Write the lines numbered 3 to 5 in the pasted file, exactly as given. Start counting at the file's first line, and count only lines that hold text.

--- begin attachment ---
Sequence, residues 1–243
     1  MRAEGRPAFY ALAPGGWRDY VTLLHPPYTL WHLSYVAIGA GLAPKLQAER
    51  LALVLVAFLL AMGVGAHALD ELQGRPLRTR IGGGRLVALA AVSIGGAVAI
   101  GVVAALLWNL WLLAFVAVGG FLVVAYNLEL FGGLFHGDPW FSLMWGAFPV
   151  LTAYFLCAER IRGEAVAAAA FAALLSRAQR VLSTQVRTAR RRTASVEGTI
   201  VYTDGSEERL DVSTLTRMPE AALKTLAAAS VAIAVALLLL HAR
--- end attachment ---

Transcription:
    51  LALVLVAFLL AMGVGAHALD ELQGRPLRTR IGGGRLVALA AVSIGGAVAI
   101  GVVAALLWNL WLLAFVAVGG FLVVAYNLEL FGGLFHGDPW FSLMWGAFPV
   151  LTAYFLCAER IRGEAVAAAA FAALLSRAQR VLSTQVRTAR RRTASVEGTI